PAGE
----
It turns out that some people are Stevia Super Tasters so they will get a bitter metallic aftertaste with Stevia when many others would taste only sweetness. This bitter metallic aftertaste is why stevia is often paired with another natural sweetener, erythritol.
The top three best-selling energy drink brands are Red Bull (80 mg caffeine per 8 oz can; 114 mg caffeine per 12 oz can), Monster Energy (160 mg caffeine per 16 oz can), and Rockstar Energy (240 mg caffeine per can, most flavors). Since Zevia Zero Calorie Energy is an “energy drink in disguise” that breaks the energy drink stereotype, it makes more sense to compare its caffeine content to similar products, other healthy alternatives. Below are the caffeine contents listed in the Caffeine Informer database:
“Following a request from the European Commission, the EFSA Panel on Dietetic Products, Nutrition and Allergies was asked to deliver a scientific opinion on the safety of caffeine, providing advice on caffeine intakes, from all dietary sources that do not give rise to concerns about adverse health effects for the general healthy population and subgroups thereof. Possible interactions between caffeine and other constituents of so-called “energy drinks”, alcohol, p-synephrine and physical exercise should also be addressed. Single doses of caffeine up to 200 mg (about 3 mg/kg bw for a 70-kg adult) do not give rise to safety concerns. The same amount does not give rise to safety concerns when consumed < 2 hours prior to intense physical exercise under normal environmental conditions. … Habitual caffeine consumption up to 400 mg per day does not give rise to safety concerns for non-pregnant adults…”
The 5 Levels of Fatigue is a system I developed during my years of researching energy drinks. The 5 Levels of Fatigue helps people find the product most appropriate for how tired they are, thus minimizing caffeine dependence, toxicity, and tolerance. Anything with more than 200 milligrams caffeine should be saved for more dire energy emergencies like Fatigue Level 4. A product with 100-200 mg caffeine belongs with Fatigue Level 3. Since this product has 125 milligrams of caffeine per can, this product fits Fatigue Level 3. It is a carbonated product, which usually means the caffeine would feel stronger than a non-carbonated equivalent like the caffeinated (still) water from Avitae due to carbonation’s effects on the stomach.
If you are looking for a strong, sugar-free, artificial-free carbonated energy drink Zevia is a great option. You don’t have to fret about “the dangerous of energy drinks” with this product. Zevia Zero Calorie Energy is simple. Life is complex enough.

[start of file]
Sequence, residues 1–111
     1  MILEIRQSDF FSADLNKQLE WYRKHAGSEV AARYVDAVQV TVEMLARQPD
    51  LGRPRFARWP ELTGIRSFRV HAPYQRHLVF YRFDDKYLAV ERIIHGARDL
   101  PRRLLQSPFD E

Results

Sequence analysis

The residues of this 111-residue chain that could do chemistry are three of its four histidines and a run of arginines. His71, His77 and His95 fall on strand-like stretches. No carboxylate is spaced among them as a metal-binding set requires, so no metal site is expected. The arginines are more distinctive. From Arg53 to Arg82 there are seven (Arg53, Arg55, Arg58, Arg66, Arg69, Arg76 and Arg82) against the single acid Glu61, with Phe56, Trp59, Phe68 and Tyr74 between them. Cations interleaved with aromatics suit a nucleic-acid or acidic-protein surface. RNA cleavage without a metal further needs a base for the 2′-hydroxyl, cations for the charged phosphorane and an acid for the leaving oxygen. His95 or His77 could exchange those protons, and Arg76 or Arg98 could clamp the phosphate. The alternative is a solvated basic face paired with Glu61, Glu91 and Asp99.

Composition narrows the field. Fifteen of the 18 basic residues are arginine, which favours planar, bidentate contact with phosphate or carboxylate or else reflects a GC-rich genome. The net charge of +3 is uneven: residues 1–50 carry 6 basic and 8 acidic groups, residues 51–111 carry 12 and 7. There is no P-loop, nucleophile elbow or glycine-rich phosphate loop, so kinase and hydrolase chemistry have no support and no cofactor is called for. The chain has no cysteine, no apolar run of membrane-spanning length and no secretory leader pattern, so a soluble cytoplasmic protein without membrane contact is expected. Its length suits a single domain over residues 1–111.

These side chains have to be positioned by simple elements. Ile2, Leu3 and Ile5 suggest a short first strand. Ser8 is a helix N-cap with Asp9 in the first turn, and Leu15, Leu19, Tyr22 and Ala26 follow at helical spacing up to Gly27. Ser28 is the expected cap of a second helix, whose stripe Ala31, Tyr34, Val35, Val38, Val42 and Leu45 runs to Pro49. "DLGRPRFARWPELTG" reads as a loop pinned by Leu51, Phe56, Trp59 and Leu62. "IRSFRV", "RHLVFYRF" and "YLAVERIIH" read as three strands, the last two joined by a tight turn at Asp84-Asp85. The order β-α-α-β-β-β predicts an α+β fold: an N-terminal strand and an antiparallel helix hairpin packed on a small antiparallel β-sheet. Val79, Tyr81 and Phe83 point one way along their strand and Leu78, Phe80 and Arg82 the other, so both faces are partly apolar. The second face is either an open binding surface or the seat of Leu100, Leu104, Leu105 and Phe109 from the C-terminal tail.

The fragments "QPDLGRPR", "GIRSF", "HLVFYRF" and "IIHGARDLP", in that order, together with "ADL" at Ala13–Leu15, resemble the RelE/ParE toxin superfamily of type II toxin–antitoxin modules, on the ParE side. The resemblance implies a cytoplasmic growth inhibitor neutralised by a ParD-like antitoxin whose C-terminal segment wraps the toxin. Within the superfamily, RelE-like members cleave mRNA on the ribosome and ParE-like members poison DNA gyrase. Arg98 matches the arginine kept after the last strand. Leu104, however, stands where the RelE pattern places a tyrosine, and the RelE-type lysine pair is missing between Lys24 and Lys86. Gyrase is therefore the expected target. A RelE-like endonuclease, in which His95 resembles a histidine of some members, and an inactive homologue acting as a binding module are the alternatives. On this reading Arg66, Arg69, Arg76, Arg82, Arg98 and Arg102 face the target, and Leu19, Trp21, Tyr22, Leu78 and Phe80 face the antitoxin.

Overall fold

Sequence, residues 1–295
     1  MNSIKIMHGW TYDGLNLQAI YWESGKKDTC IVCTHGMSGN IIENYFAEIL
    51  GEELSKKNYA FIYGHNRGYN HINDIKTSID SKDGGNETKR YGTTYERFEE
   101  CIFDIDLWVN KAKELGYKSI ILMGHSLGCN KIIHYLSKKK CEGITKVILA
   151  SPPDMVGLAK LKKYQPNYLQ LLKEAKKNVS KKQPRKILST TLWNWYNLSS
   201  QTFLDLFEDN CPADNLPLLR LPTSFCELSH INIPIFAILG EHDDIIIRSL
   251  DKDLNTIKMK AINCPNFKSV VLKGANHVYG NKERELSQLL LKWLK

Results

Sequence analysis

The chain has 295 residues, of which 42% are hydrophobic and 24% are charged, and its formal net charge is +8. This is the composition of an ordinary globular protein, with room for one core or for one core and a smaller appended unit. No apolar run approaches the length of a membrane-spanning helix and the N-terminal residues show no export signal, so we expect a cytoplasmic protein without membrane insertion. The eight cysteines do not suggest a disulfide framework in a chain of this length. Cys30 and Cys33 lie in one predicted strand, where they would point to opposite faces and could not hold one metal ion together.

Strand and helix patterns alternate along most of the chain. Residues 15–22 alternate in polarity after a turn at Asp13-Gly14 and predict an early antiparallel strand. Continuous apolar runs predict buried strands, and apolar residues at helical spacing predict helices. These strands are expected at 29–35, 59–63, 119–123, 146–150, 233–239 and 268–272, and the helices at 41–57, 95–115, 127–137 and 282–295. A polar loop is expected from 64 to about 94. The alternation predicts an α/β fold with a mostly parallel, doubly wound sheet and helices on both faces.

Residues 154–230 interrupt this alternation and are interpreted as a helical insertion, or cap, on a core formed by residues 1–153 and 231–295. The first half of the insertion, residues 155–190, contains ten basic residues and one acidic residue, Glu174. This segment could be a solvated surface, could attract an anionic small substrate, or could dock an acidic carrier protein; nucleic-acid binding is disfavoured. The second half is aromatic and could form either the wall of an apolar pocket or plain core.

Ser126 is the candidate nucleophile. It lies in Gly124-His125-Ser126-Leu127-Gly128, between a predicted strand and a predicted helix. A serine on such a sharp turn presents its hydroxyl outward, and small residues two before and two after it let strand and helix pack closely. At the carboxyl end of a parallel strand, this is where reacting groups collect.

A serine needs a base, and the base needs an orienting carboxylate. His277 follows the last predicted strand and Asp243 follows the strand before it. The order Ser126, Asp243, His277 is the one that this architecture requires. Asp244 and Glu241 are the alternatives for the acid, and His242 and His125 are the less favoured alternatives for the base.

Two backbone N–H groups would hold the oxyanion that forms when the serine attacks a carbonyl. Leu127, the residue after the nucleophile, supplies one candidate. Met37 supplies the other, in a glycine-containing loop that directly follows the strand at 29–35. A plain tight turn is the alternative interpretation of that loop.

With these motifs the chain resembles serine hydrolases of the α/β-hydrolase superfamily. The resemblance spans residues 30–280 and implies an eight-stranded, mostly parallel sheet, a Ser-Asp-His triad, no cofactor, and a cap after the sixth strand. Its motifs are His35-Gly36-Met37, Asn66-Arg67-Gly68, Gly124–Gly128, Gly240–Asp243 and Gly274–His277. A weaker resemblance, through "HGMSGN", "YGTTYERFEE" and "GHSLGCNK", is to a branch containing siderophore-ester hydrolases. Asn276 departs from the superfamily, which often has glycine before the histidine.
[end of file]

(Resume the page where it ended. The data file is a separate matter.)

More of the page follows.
March is Caffeine Awareness Month! For Day 4 of the GreenEyedGuide Caffeine Challenge, we talk about how caffeine can SAVE LIVES!
One of the most important reasons to use the 5 Levels of Fatigue is so you don’t build up a tolerance, so caffeine will still work for you when you need it the most! It’s also important to remember that the 5th Level of Fatigue is Zombieland, in other words, that point at which there is no amount of caffeine that can save you. At that point, only sleep will help.
***PLAY ALONG – post a picture or your story about how caffeine has saved lives on Instagram/Facebook/Twitter and tag @GreenEyedGuide, or on the Caffeine Challenge Event page at Facebook.com/GreenEyedGuide/events
Through this challenge, you’ll learn how to use the 5 Levels of Fatigue to reap the benefits of caffeine while avoiding addiction, dependence, tolerance, and toxicity.
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You wouldn’t eat 5 multivitamins or take 10 aspirin a day because that could make you sick. How frequently you consume an energy drink is just as important to your safety. There are many energy drinks* that are not bad for your health nor dangerous if consumed in moderation.
[*And then there are caffeinated supplements, including powder pre-workout supplements and liquid drinks like REDLINE that have so much caffeine per serving they are dangerous/too caffeinated even when consumed as directed]
This Book Excerpt of the Week comes from PART ONE: ABCs of Caffeine Safety, C= Consumption Specifics.
For more information, check out “Are You a Monster or a Rock Star-A Guide to Energy Drinks: HowThey Work, Why They Work, How to Use Them Safely”, available on Amazon and wherever books are sold.